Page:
Toy recalls, like those issued by Mattel and Fisher-Price this month, are meant to get hazardous products away from children. But a recent study shows that recalls donâ€™t always do that. An article in this monthâ€™s Injury Journal says that only 20-percent of recalled childrenâ€™s products are ever returned to their manufacturers. Whatâ€™s worse is that many of these dangerous toys and other items end up being resold on eBay or at garage sales and thrift shops. As a result, toys with dangerous magnets and lead paint, along with other defective items, can end up endangering even more children.
The Injury Journal article highlights a study done by the Center for Industry Research and Policy at Columbus Childrenâ€™s Hospital. The researchers chose 141 childrenâ€™s products that had been recalled between 1992 and 2004 and searched for them on eBay. The items included bassinets, walkers, furniture and riding toys. The researchers discovered recalled items for sale in 190 different auctions. At least one of the items found on eBay, the Evenflo Happy Camper and Happy Cabana portable play yard, had been implicated in the deaths of three children when it was recalled in 1997. The researchers also found that most of the recalled products received multiple bids, indicating that bidders were not aware of recalls. And nearly 70 percent of the items were sold, putting many more children at risk for injury.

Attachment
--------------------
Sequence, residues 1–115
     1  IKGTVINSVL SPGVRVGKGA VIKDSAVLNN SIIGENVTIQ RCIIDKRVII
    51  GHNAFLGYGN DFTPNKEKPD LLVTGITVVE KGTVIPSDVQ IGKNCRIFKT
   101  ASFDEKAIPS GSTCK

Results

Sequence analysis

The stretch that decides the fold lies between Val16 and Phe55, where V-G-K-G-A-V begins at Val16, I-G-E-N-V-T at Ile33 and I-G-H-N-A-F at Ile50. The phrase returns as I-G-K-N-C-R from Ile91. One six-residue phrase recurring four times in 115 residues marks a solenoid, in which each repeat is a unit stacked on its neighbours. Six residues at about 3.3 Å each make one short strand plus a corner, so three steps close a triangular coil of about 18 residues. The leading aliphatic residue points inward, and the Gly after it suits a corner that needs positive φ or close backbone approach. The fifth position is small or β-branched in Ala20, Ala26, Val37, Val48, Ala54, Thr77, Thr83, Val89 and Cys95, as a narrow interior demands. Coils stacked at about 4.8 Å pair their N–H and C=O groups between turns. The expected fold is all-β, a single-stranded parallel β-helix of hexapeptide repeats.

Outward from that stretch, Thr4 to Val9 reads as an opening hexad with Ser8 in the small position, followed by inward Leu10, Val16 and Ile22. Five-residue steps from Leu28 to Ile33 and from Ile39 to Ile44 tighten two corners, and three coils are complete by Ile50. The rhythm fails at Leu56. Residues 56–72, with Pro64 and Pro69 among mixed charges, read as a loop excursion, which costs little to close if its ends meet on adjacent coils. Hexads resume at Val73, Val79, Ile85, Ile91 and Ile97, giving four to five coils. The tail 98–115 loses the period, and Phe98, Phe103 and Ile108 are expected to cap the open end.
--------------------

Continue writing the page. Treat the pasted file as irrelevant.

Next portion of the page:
EBay does have a policy that prohibits recalled items, but the onus for identifying such products is usually placed on buyers and sellers. The siteâ€™s â€œsecurity and resolutionâ€ page has a link to the Consumer Product Safety Commissionâ€™s (CPSC) recall website, and both sellers and buyers are encouraged by eBay to check the CPSC site. EBay also takes down auctions if the CPSC informs the company that an item up for bid has been recalled. And the CPSC says that it has worked with eBay to create filters that reduce the chance of a recalled item being sold on the site.
But despite those precautions, recalled childrenâ€™s toys are being sold on eBay, and itâ€™s a safe bet that those products show up at garage sales and thrift stores as well. The authors of the Injury Journal study say that more needs to be done to make people aware of recalls. With so many childrenâ€™s products being recalled every year, consumers can barely keep up. Parents and caregivers should sign up for the CPSCâ€™s email alerts, and manufactures should start putting identifying information, like model numbers, on items themselves. Currently, that information is usually placed on packaging, which is often thrown away. The study authors also say that manufacturers should change the names of recalled products after they have been redesigned. That way, anyone buying a used childrenâ€™s toy or other item could easily discover if it had been recalled.